At the heart of the Illinois' budget impasse lies billions of dollars in unfunded pensions.
Those pensions have been constitutionally protected since the 1970s, and some say modifying the state constitution could be the solution to the problem. Others say that's not likely to happen.
Pensions in Illinois are underfunded by $113 billion, leaving the state in a budget impasse and forcing services across the state to close.
"For decades, literally - 40, 50, 60 years - we had not exercised the discipline to make the necessary payments," said Representative Elaine Nekritz of Northbrook.
In 1970, a provision was created that made pension contracts enforceable by the constitution. The idea behind it was to force lawmakers to address the problem.
But it didn't work the way it was intended, prompting some to ask whether the state constitution should be modified.
Illinois is one of only seven states that constitutionally protect their pensions.
"It's very hard to fund a state government when almost 25 percent is being paid out in retirement benefits," said Representative Tom Morrison, of Palatine.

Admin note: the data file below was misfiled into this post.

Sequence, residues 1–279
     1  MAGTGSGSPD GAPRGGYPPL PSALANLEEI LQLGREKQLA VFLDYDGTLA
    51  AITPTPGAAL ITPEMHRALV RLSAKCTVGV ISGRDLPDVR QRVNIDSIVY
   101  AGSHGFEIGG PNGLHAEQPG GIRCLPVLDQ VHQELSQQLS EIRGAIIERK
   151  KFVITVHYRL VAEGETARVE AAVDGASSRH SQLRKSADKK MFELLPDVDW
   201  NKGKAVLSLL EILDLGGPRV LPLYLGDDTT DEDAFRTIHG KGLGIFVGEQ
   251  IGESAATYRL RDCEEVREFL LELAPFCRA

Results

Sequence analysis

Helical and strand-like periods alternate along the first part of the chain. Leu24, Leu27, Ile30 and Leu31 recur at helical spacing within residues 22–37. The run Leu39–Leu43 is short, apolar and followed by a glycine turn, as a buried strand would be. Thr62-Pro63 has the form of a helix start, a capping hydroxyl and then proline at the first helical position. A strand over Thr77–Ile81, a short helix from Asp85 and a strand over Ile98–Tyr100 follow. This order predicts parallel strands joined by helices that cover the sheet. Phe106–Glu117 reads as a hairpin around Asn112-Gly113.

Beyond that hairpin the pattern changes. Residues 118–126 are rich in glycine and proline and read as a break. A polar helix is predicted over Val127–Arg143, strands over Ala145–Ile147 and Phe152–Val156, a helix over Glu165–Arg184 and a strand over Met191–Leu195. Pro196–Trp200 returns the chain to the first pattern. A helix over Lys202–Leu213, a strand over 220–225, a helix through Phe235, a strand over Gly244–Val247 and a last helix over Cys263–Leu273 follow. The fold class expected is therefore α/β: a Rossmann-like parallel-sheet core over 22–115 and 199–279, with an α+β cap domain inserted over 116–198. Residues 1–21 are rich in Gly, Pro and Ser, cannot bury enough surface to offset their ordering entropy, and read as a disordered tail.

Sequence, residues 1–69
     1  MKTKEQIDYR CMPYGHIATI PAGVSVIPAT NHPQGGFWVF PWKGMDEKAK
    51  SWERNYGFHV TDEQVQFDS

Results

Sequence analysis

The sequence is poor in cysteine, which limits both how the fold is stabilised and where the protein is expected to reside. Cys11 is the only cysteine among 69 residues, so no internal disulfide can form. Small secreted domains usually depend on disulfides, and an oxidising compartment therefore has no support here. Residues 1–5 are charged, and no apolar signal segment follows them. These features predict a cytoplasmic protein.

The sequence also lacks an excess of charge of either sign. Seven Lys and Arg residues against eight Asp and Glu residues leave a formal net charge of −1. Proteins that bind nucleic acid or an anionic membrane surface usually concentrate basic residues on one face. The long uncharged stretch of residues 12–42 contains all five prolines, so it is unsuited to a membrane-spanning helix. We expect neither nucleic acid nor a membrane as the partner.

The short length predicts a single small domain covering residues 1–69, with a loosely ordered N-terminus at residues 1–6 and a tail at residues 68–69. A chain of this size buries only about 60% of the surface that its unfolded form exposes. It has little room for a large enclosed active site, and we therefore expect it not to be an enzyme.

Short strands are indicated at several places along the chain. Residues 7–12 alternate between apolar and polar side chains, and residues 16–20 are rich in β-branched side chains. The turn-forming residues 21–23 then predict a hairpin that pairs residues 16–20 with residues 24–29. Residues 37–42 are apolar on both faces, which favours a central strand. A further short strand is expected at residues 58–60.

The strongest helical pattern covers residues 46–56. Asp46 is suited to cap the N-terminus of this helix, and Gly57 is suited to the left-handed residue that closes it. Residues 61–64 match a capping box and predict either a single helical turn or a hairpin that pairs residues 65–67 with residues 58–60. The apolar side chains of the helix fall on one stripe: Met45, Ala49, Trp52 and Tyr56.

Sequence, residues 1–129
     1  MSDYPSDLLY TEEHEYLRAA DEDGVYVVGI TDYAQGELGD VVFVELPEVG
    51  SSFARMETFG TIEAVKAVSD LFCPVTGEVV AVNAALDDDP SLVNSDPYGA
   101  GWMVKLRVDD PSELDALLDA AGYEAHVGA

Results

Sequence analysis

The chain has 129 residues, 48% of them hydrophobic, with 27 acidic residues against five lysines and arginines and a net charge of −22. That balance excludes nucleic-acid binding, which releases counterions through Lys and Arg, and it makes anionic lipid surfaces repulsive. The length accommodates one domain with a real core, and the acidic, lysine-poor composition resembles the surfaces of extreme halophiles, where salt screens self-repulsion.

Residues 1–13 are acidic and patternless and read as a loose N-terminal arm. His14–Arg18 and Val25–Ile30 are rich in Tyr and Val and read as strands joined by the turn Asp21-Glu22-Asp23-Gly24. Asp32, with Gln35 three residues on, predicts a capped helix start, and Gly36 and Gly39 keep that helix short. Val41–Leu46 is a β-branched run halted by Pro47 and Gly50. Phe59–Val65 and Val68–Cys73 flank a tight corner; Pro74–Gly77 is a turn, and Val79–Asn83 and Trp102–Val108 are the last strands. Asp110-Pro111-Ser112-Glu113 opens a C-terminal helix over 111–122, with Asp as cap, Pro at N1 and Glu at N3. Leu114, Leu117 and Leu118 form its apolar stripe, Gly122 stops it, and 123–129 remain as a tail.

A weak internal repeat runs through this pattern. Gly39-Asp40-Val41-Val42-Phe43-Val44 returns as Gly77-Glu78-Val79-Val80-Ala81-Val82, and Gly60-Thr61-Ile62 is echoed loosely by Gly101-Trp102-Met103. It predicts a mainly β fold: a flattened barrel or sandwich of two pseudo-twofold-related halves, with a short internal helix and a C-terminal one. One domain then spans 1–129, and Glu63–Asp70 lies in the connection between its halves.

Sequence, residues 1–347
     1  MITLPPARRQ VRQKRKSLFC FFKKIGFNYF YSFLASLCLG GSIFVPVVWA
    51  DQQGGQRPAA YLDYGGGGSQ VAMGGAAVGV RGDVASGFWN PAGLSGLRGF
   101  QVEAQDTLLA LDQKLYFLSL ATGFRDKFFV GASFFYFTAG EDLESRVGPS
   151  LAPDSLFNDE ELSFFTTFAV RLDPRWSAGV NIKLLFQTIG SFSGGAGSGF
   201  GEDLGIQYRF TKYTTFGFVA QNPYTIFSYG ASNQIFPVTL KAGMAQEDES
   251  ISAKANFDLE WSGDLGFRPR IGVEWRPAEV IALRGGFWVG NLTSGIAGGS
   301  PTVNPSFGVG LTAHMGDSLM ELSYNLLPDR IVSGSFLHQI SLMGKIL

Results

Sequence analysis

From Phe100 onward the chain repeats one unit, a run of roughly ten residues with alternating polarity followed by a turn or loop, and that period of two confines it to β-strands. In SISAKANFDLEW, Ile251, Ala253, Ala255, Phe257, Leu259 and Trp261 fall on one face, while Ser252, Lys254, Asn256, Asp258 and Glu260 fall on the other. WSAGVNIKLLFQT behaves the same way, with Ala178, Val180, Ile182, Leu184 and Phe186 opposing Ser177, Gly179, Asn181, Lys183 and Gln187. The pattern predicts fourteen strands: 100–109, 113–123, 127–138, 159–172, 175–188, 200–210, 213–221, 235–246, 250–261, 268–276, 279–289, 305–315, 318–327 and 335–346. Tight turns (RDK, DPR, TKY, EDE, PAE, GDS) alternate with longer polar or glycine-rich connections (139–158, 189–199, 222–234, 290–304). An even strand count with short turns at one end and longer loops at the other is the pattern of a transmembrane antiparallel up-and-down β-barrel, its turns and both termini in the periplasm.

In 2013, the Supreme Court struck down a pension reform plan, calling it unconstitutional. The court ruling made it clear that current employees' benefits cannot be touched.
Representative Morrison says he has a plan that isn't illegal; it would work like a 401(k) plan.
Getting the state constitution changed would be tough, since a 3/5 majority is needed from the legislature. Clearing that hurdle would then send the measure to a public vote.
"I think it's very unlikely, right now, (that) the legislature would pass this. The Democrats have super-majority in both houses right now, and they're considered to be sympathetic to public employees in the union," said Keith Boeckelman, a political science professor at Western Illinois University.
Unions argue a different story.
"For us to have a pension clause in the constitution, to me, is just a fundamental right that all public employees should have," said Stew Adams with the Illinois Education Association.
Adams says changing the benefit for future teachers isn't the answer.
"Why would anyone consider becoming a teacher in Illinois, with the situation in which you have to work until you're age 67 to get a full pension? I mean, to me, that's just primitive," Adams said.
Others say the right step needs to be taken now, if Illinois wants to get back on its feet.